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Keeping hobbies alive!

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By: Faizan Nabi

Being brought up in a society where you are supposed to follow your passion only within the ‘specified age’ bar, we know what we face if we blur the margins and step out of the imaginary borderlines. But is it the age which determines what we need to love and what not in the present moment? There are a lot many questions which gain ground in my heart about being passionate for something. Sometimes I fail to understand that whether we survive to live or we live to survive. Let me fully elucidate it all.
As we grow through our teenage years we’re encouraged to indulge in hobbies. With little responsibilities from school and society and the adults around us encourage us to stay busy. However, as the years go by, the school work increases, we start having other responsibilities towards society albeit not too significant but some nonetheless. We have less time on our hands now to do the things we love. “I would love to paint but I got a quiz this week”, “I’ll practice cardistry later, right now I got to text the cute girl from the other section”, and the story goes on in different forms. We keep in touch with some form of our hobbies still. We’ve still got time to throwback, relax, and unwind.
Then comes’ the senior high school- the time when we need to brace-up for a job or university. A lot of factors start playing in now-“would I want to pursue doing what I love or go for what is hot in the employment market?”. You’re lucky if they’re the same thing but for most people it’s not. Here people either go for what’s hot in the market, work 9–5, and realize they’re 52 and midlife crisis hits them black and blue.
Those who go for what they love, realize it doesn’t bring enough food on the table and decide to shift career with a thought that they’ll keep doing what they love in spare time. They decide so but there’s only limited time in a day and the inherent luxury of free time is not for most working-class folks; they end up the same, wondering where it all went wrong!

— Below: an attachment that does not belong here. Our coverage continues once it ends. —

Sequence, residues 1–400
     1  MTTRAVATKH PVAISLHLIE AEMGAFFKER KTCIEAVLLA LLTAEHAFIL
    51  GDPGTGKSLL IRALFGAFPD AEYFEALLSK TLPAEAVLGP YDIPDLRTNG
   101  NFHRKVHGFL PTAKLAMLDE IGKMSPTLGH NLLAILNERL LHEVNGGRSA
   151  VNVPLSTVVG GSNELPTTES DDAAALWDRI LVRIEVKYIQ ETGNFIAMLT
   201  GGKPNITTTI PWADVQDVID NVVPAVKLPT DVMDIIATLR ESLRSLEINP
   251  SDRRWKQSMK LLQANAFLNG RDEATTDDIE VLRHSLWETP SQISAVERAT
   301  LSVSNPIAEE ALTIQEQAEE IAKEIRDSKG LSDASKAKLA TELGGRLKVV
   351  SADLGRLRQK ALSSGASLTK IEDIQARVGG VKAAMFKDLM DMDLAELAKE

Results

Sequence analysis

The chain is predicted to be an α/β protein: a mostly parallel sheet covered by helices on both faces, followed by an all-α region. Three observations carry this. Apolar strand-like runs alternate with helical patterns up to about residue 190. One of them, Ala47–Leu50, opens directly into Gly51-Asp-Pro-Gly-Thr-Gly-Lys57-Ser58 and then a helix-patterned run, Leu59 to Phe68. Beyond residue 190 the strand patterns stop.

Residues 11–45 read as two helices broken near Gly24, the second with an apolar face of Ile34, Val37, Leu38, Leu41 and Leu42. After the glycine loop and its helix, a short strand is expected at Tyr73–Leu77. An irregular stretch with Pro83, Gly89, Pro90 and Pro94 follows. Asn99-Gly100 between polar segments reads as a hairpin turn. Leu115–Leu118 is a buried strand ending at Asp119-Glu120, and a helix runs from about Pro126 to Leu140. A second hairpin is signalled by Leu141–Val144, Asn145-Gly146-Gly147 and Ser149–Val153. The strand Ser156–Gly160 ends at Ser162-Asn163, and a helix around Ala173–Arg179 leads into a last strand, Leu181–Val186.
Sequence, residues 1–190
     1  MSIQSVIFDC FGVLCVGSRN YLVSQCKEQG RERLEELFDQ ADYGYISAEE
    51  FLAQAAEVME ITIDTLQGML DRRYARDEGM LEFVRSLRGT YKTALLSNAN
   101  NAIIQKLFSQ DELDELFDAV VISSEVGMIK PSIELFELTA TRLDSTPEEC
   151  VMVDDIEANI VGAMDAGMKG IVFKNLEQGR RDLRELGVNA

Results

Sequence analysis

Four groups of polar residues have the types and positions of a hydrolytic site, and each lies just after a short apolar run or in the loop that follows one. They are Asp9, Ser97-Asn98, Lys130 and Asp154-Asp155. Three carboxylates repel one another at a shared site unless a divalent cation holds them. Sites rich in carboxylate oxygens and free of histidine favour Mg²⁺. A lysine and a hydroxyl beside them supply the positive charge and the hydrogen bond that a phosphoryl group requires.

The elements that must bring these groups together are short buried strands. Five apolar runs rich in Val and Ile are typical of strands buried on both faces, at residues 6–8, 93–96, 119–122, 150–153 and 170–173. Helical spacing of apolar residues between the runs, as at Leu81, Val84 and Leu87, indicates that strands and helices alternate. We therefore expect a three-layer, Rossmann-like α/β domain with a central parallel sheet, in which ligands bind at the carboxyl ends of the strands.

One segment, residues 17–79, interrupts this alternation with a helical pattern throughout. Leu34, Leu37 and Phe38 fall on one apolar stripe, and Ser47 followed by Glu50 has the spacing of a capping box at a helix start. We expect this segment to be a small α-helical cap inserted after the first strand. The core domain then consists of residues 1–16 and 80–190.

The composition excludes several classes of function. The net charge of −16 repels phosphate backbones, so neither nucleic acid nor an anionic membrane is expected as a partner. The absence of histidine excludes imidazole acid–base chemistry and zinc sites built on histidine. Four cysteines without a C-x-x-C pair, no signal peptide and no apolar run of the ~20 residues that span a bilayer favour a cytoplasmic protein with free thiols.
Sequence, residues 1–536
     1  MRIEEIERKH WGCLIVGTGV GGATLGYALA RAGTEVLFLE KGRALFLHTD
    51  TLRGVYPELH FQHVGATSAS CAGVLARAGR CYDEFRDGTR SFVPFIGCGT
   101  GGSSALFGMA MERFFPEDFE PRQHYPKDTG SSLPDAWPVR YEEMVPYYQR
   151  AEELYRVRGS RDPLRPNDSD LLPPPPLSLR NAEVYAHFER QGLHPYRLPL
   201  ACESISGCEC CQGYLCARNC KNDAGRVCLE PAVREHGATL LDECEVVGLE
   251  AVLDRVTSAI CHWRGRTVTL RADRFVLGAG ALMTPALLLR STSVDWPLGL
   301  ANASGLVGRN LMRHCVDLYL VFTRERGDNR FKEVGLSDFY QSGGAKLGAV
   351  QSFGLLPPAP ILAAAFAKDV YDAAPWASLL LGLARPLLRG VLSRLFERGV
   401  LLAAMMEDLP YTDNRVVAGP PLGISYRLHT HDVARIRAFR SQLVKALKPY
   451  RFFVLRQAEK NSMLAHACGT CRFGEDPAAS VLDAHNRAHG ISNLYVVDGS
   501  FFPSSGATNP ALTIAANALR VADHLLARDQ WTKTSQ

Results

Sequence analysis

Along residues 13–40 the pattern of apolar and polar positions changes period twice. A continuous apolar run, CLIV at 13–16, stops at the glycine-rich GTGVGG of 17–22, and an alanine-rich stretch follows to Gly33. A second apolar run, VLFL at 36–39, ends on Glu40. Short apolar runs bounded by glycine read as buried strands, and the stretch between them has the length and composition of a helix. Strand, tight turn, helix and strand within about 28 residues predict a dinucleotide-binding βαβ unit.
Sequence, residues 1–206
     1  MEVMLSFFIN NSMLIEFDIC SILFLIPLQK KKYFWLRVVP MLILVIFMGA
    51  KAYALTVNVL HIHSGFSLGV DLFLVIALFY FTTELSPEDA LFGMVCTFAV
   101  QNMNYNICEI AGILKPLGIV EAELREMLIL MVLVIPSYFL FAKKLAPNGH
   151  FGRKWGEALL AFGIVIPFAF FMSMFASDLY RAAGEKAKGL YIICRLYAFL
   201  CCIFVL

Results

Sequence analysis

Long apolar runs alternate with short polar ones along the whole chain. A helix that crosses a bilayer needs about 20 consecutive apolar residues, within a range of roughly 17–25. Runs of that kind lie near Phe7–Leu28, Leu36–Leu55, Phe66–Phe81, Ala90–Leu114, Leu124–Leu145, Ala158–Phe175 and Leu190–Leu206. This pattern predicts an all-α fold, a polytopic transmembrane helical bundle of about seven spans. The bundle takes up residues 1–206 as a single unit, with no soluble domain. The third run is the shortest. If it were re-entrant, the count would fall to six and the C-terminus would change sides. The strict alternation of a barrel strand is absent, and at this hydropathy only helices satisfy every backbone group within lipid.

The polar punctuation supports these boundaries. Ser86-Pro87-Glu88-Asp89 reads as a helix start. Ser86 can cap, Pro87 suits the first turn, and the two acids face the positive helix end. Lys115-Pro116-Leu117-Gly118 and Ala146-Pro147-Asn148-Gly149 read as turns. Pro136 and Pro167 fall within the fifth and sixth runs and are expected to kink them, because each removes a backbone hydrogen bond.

Finally, we’ve got folks who pursue what they love and coincidently that is hot in the market too. However, over the years the passion and love for the niche slowly changes into a need to get good at it and beat the other competitors in the market. The desire to be better for the love of it slowly changes into the need for it, and in the midst of all of this, the passion is replaced with the urgency and competency to bring food on the table and money to the bank.
No, that’d be ridiculous. We’re somehow embedded with the notion that a healthy body, mental wellbeing, and other good things are inherent to us and it’s the bad choices we make that make us unhealthy, mentally unhappy etc. It’s high time we let go of that notion. Good things do not come naturally and being happy all the time and smiling every morning as you get out of bed isn’t mental well-being. Having a back that aches without reason and constant dissatisfaction with your life is not normal too.
What I’m trying to say is that maintaining a hobby takes some efforts and conviction. We’re all seeded with the notion from our childhood that if we keep love something we’ll find the time to do it. Maybe back in those days, we could as we had a lot of time and very few responsibilities. As adults, we forget how to be happy unless something of monetary value is exchanged.
To do something you love, efforts need to be put in, responsibilities fulfilled, schedules cleared, mindset shifted and time to do something- you do it not only because it has a potential in the market, but because you enjoy doing it; because you love doing it. Of course, there are a small percentage of people who work in what they love and love every part of it, but for the vast majority of us, that isn’t true.
We have a very different notion about things associated with a monetary value. You might love painting and can paint endlessly for hours but as soon as someone offers to pay you to paint a dozen pieces for them, it changes the very nature of the activity.
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